The Criterion Collection, a continuing series of important classic and contemporary films presents Thy Broad Domain: Essential Works of the NFB.
For 75 years, the National Film Board of Canada has been a pioneer in film art, producing and distributing more than 13,000 films and winning more than 5,000 awards. The NFB’s collection represents some of film history’s greatest and most influential works of social documentary, auteur animation, experimental film, web series, and interactive productions. Across an endless of variety of filmmaking techniques, these inventive works represent domestic and international concerns from a distinctly Canadian perspective and provide a cinematic influence still felt today. This collector’s set brings together some of the NFB’s most celebrated films since its establishment under the watchful eye of famed British documentarian John Grierson to its present day innovations in digital media.
- New digital restorations, with uncompressed monaural soundtracks on the Blu-ray
- New introductions and audio commentaries to the films by critic Leonard Maltin, documentary filmmaker Ken Burns, director Guy Maddin, scholars Mick Broderick and Rodney Hill, physician and activist Dr. Helen Caldicott, music scholar Paul Sanden, comedians Eugene Levy and Catherine O’Hara, and others
- New and archival interview programs featuring filmmakers including Kaj Pindal, Ishu Patel, Cynthia Scott, Terre Nash, Cordell Barker, and Katerina Cizek
- New and archival documentaries on the making of these films, including Alter Egos, Laurence Green’s hour-long documentary on the making of Chris Landreth’s Ryan
- PLUS: A booklet featuring a foreword by Government Film Commissioner Claude Joli-Coeur and essays by film scholars Gary Evans, André Loiselle, Gene Walz, and Zoë Druick
The Criterion Collection, a continuing series of important classic and contemporary films presents Lenny.
Bob Fosse’s first non-musical film confirmed his cinematic talents, creating a grim biopic of controversial stand-up comedian Lenny Bruce that is both heavily romanticized and harshly unsentimental. Dustin Hoffman stars in this relentless depiction of Bruce’s battle with the Establishment authorities that condemned his stage act as obscene and the comedian’s downward spiral from countercultural vanguard to junkie burnout. Supported by a Cannes-winning performance by Valerie Perrine as Bruce’s stripper wife, Bruce Surtees’ rich black and white cinematography, and Julian Barry’s adaptation of his own Broadway play, Fosse’s Lenny was a commercial and critical success that garnered six Academy Award nominations and eulogized the career of one of America’s great champions of free speech.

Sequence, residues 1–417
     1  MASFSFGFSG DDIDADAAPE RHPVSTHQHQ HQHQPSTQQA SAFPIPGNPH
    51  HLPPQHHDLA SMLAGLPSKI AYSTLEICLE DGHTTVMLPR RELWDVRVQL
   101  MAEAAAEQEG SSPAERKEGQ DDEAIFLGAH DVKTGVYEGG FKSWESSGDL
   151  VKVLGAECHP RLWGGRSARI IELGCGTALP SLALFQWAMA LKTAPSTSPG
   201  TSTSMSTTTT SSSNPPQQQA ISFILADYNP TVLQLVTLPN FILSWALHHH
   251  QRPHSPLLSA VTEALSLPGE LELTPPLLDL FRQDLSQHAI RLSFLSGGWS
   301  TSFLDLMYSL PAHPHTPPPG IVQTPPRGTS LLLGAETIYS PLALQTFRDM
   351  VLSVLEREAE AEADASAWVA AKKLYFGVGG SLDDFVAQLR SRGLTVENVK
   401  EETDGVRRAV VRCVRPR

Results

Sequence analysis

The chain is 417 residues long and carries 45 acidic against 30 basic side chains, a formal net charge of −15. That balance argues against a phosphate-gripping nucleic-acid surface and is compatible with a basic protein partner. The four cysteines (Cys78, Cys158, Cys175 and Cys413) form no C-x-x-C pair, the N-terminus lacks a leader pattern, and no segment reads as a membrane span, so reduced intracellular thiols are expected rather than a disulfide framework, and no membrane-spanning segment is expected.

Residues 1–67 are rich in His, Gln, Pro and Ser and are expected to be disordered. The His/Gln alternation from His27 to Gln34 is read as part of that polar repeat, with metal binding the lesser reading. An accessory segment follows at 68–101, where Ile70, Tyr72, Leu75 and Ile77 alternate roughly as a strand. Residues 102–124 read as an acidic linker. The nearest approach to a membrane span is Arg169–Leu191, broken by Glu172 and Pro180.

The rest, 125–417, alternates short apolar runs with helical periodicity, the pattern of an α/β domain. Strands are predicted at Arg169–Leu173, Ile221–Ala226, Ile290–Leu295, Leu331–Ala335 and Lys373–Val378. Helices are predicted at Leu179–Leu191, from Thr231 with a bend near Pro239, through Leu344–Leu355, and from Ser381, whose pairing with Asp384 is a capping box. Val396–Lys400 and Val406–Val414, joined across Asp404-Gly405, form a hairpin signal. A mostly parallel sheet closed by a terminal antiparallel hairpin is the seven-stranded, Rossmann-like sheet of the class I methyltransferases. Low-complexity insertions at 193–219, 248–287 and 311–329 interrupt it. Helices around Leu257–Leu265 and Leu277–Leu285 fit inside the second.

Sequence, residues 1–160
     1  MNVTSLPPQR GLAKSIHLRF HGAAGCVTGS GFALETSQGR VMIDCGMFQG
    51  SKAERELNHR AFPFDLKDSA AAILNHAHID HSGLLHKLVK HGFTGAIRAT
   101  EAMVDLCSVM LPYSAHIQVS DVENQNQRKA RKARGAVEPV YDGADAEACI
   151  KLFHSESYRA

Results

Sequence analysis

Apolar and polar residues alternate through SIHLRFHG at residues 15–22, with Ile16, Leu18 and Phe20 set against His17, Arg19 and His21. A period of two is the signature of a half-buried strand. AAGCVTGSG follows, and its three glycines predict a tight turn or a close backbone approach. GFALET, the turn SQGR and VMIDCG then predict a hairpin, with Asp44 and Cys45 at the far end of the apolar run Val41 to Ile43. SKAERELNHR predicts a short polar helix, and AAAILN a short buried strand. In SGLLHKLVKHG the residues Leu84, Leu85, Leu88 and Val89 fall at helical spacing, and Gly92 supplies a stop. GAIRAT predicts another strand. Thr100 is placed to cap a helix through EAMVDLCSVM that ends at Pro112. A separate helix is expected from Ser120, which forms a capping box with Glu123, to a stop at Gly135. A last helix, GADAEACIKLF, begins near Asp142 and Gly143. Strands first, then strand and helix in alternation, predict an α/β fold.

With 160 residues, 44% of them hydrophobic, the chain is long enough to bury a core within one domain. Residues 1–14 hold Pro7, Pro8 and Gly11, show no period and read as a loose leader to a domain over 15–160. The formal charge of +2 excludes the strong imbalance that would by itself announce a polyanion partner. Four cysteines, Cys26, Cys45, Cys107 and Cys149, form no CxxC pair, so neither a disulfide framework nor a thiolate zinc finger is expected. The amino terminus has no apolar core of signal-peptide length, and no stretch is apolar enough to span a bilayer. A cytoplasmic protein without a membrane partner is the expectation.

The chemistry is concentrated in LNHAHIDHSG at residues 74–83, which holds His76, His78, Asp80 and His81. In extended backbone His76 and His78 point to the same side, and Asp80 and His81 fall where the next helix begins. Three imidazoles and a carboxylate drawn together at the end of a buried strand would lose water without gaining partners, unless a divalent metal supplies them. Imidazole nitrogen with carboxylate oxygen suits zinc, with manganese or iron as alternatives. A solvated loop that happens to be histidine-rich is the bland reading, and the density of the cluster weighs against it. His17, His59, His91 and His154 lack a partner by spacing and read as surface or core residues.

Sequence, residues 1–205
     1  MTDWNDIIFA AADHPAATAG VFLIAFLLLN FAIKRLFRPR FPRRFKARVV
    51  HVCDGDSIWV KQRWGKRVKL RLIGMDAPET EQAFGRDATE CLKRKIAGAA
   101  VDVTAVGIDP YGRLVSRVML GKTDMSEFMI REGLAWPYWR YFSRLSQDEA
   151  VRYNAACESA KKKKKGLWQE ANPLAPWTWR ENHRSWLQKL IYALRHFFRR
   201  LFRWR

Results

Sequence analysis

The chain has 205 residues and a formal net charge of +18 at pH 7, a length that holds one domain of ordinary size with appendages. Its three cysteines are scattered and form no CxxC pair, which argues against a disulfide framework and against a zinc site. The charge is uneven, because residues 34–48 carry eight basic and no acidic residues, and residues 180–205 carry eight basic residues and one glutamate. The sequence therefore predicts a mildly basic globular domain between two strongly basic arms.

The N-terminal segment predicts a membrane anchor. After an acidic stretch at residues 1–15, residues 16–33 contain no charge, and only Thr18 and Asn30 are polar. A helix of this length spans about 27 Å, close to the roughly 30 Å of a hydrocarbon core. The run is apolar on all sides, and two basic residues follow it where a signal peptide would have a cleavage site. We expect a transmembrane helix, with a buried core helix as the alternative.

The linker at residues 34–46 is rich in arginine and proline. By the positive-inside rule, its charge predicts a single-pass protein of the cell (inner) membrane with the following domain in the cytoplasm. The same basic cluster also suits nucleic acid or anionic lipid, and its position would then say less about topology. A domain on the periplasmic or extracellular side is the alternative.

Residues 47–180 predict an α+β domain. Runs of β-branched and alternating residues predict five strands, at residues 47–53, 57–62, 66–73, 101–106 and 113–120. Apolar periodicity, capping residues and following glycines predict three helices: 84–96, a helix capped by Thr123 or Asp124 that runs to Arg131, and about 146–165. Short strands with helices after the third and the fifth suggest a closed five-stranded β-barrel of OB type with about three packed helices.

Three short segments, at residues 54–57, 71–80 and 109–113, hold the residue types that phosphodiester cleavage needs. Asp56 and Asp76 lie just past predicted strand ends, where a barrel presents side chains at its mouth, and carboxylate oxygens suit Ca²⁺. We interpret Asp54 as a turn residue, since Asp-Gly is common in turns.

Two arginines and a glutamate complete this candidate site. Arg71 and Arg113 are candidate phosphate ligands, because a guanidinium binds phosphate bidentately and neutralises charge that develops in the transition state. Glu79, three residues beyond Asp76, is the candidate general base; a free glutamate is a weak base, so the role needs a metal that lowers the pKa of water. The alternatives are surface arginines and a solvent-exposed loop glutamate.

- New 4K digital restoration, with uncompressed monaural soundtrack on the Blu-ray
- Scene-specific audio commentary featuring editor Alan Heim and Lenny Bruce’s daughter, Kitty Bruce
- New interviews with Dustin Hoffman, Valerie Perrine, Stanley Beck, Alan Heim, and Fosse biographer Sam Wasson
- Lenny Bruce: Swear to Tell the Truth, Robert B. Weide’s 1998 documentary featuring narration by Robert De Niro
- Video appreciation by comedian Marc Maron
- New interview with Stand-Up! record label owner Dan Schlissel and lawyer Bart Torvi on Bruce legacy in comedy and obscenity law
- Theatrical trailer